“You’d never think this is heavy enough to hurt anybody,” he remarked, giving Wilbur a cryptic glance.

“Oh, I don’t know,” he replied calmly. “Don’t forget it fell about fifty feet.”

“That’s true,” the other agreed. “Nature is funny at times.”

“You said it.” Wilbur’s voice was full of relief.

So sure was he of his position, that when they arrested him a few days later, he repeated the story with great coolness to a police stenographer, and signed it with a steady hand, even smiling a little to show his conscience was clear, and that he couldn’t be panicked.

Then they brought in Sergeant Slater. He was carrying the fatal frond.

“This is the thing that killed your aunt, I believe,” the sergeant said gently. He was a big man with mild eyes. “It seems too light to cause a serious injury.”

But Wilbur was ready for him. It is true that he’d flunked physics in college, after flunking it in high school. So it was hopeless for him to try making sense out of the chapter on falling bodies in his aunt’s encyclopedia. But there was Danny Harris, who used to make all the night spots with him, and was now an engineer. Good old Danny had briefed him thoroughly on the subject. Yes, Wilbur was ready to take on Slater any time.

“Oh, I don’t know,” he said, with simple candor. “I felt the same way, so I checked up. A frond weighs about six to ten ounces. The tree was roughly fifty feet tall. An eight ounce object, falling fifty feet, has the same striking force as a twenty pound weight dropping a foot. When you put it that way, there’s nothing to wonder about.”

“That’s very good reasoning,” Slater said with approval. “Of course, you forget air resistance. That slows down a feathery frond quite a bit.”

Wilbur tensed a little. Damn that Danny; he’d goofed there. What a lousy engineer! Then he remembered another point.

“The wind might have had some downward force, too.”

“I guess it could have happened,” Slater said mildly. “At least, nobody could prove in court that it’s impossible. And so you maintain,” he added almost mournfully, “that this frond killed your aunt.”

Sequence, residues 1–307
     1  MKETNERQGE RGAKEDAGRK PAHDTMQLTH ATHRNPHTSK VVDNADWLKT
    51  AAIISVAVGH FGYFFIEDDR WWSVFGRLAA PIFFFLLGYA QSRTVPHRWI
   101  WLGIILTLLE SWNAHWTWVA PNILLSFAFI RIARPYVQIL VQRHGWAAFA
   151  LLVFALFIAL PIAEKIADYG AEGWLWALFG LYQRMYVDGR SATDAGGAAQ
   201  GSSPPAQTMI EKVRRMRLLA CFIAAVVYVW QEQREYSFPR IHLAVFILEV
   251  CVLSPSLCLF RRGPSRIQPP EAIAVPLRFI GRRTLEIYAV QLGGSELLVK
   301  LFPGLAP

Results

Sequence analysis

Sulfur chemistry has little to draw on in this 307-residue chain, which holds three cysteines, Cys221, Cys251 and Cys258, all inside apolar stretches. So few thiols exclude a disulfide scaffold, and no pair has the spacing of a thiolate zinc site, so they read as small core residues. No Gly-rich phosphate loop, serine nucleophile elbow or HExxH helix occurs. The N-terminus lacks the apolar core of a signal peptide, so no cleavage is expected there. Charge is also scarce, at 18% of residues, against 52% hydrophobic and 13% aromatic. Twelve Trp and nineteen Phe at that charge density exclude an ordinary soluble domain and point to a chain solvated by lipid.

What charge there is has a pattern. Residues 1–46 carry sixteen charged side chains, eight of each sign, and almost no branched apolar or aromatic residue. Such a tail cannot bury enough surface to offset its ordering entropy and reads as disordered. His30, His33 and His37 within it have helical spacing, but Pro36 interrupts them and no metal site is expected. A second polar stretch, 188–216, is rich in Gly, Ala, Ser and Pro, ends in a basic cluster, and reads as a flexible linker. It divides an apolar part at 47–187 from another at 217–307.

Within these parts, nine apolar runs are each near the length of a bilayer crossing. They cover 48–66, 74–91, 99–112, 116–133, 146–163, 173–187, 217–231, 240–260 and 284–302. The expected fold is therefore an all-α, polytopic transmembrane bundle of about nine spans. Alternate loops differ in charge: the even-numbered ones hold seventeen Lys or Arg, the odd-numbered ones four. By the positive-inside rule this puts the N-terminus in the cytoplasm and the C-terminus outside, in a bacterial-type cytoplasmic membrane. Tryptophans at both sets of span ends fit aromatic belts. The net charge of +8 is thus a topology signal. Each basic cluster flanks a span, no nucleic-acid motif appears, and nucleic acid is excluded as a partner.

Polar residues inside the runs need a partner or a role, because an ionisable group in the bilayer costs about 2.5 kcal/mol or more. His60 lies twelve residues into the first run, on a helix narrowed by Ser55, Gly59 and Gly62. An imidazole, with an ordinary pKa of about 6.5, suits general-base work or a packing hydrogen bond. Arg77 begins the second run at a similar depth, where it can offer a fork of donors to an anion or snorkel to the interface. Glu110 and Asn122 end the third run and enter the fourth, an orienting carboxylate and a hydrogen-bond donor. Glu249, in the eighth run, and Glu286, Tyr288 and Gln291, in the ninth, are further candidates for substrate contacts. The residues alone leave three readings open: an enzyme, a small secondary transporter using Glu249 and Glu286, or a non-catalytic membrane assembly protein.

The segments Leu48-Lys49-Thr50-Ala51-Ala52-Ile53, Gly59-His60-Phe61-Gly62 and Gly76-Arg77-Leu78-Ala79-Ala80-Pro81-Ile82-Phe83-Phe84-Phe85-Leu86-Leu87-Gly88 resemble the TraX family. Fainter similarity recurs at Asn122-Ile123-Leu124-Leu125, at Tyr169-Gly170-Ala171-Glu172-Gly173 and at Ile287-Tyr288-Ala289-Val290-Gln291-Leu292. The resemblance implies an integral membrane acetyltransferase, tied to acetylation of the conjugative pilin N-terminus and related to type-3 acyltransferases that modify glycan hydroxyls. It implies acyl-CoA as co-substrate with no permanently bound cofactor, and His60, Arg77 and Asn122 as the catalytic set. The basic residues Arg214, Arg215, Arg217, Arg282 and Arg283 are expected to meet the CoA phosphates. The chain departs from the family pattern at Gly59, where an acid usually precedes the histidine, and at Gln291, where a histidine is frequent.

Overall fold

“If it has blood, that’s the one. Otherwise, naturally, I couldn’t be sure. They all look just alike to me.”

“That was your mistake,” Slater said, his eyes not so mild now.

Wilbur paled.

“What do you mean?” he demanded hoarsely.

“I mean that we can’t beat you on physics — too much a borderline deal there. But you did show us exactly where your aunt was struck, presumably by this particular frond, since it does have her blood on it. Quite a windy night, they tell me.”

“You bet it was,” Wilbur snapped. He was tiring of this bull-dogging. “And that’s the way it happened, too.” They’d never shake his story. All he had to do was hang on. The sergeant had admitted a falling frond could kill somebody; at least, the theory couldn’t be disproved for a jury.

“Some wind that must have been,” the sergeant said. “It blew this frond about a block.”

“What do you mean?”

“You picked the wrong frond, fella. This one came from an entirely different kind of palm tree — and the nearest one is a block away from where you claimed this fell. Believe me, I know — plants are my hobby. As I said, your physics can’t be proved wrong, but your botany is lousy.”

“But how—?” Wilbur gulped. Then he closed his mouth and felt sick. Those damned kids, of course. Playing with the fallen fronds; carrying them from one street to another. How the hell could he tell the difference, and in the dark? One branch from a palm looked just like the next. Yet, obviously they weren’t really the same. And he had to draw a cookie cop with a thing for botany — what a lousy break.

The sergeant must have read some of these reflections on Wilbur’s face, for he said with a cold smile: “Not a big difference, but quite definite to the trained eye. Botanically, that is. Otherwise, the difference is greater — about one third of a million, I understand.”

He didn’t say anything about a bigger difference still — the one between life and death — but Wilbur was thinking it over.

Punch Any Number

by  Jack Ritchie

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Ever since mankind discovered the first rudimentary counting method, the fascination with numbers has endured. Add to this the basic human desire for a large return on a small investment stir well, and you have the punch called Punch Any Number .





The owner of the grocery store and I were the only ones in the place. I bought two packs of cigarettes, tore open the corner of one, and took my time about making a light.

He rang up the sale. “Stranger here?”


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Just going through.”

He grinned slightly. “Care for a little gamble?”

“Depends on what.”

He reached. under the counter and brought out a punchboard. “Ten cents a chance.”